John le Carre's decision to publish Silverview after his death a 'mystery', agent says

October 13, 2021

Acclaimed spy novelist John le Carré’s decision to posthumously publish his new novel Silverview is "a mystery" in itself, according to the author’s literary agent Jonny Geller.

Mr Geller, who worked with le Carré for just under 15 years, says the book was finished in September 2014: "He said to me 'ok it's ready' … I was waiting at my house for the book but nobody delivered a box, instead I got a letter that said 'I've decided this isn't the time but if you wish to publish this after my death with the permission of my sons, please have my blessing'."

Le Carré - who went on to publish three further books before his death in December 2020 - wouldn't reveal to his agent why he would only release Silverview posthumously.

"It's a mystery to me," Mr Geller admits. "He said 'Look, I don't want you to read it because I'm worried that you'll like it and try and persuade me and, at the moment, I don't feel I want this book out there'."

Mr Geller says neither he nor le Carré's family fully understand the author's reasons for doing so.

After the author's death, Mary Mount, his editor of the past decade, worked alongside le Carré's youngest son, novelist Nick Cornwell, to get Silverview ready for publishing.

"It was in a very polished shape when it arrived … we were very respectful and we were both channelling le Carré's very strong voice throughout."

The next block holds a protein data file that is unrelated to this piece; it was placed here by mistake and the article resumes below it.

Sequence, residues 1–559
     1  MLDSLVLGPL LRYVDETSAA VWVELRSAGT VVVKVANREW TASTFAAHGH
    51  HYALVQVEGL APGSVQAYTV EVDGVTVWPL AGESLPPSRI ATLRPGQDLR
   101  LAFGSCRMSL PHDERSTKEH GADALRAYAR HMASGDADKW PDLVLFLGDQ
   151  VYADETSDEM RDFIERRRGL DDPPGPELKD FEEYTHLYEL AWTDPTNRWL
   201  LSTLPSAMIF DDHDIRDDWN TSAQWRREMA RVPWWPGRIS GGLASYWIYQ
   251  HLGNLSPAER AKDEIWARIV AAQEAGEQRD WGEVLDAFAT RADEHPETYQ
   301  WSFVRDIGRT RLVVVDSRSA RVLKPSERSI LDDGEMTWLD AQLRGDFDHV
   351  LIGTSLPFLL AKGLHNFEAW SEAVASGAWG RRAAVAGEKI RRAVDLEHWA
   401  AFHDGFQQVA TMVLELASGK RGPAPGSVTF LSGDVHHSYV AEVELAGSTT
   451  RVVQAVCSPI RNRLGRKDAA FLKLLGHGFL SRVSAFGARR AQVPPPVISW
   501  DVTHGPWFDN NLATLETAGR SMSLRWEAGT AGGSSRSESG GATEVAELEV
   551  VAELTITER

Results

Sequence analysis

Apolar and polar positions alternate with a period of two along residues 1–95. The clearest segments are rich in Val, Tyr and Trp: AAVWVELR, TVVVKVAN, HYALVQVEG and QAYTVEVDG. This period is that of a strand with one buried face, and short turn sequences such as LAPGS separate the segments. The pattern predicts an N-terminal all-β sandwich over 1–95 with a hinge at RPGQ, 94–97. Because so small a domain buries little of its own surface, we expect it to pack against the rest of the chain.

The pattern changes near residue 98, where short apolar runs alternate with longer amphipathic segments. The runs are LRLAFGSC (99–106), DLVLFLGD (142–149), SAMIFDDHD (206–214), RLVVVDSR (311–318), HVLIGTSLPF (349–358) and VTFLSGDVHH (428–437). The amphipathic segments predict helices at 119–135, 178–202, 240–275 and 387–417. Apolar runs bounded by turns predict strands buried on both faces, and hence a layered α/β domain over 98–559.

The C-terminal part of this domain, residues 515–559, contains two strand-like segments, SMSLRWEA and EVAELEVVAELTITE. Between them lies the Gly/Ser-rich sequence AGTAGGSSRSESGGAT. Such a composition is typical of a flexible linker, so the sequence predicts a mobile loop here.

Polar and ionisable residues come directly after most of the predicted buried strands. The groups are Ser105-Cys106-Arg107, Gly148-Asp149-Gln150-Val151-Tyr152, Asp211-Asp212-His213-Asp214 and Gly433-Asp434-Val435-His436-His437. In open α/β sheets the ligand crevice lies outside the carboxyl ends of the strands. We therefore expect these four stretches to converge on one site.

Le Carré's novel is being released on what the industry calls "Super Thursday", when hundreds of books are released aimed at the Christmas market.

Trade magazine The Bookseller has suggested this year's event will be the lightest in years as a result of the coronavirus pandemic, with fewer titles than normal released.

Highlights include memoirs and non-fiction books by Olympic diver Tom Daley, Drag Race runner-up Bimini Bon Boulash, TV personality Paris Fury and comedians Billy Connolly, Michael McIntyre, Jack Whitehall, Rob Beckett and Julian Clary; a posthumous novel by Andrea Camilleri; new fiction from Sophie Kinsella, Christine Pride, Jo Piazza and Heather Morris; cookery titles from Nigel Slater and the Hairy Bikers; and children's books by Julia Donaldson, Liz Pichon, Tom Fletcher and Sir Lenny Henry.

Le Carré's posthumous novel is likely to top the bestseller charts for weeks to come. A prolific writer whose work was translated into 47 different languages, the sustained popularity of his body of work speaks for itself.

But the current popularity of spy novels as a genre is a sign of the times, according to Professor Penny Fielding from Edinburgh University.

"In a world where there aren't any truths, spy novels perhaps mirror that more, they give us a sense that knowledge is contingent and provisional rather than absolute," she says.

Famed character George Smiley was a man from a very British institution but le Carré's writing inspired many around the world.

Lauren Wilkinson, author of American Spy, says: "Yeah it can be a very white, very male, straight genre but I feel that a writer like le Carré sort of made me see this genre and think 'well maybe I can add my voice as well'."

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How does it all end?

Well, while this is being touted as le Carre's "last complete masterwork", read between the lines and the implication is, amongst the extensive archive he left behind there might still be a book or two that may still come in from the cold.

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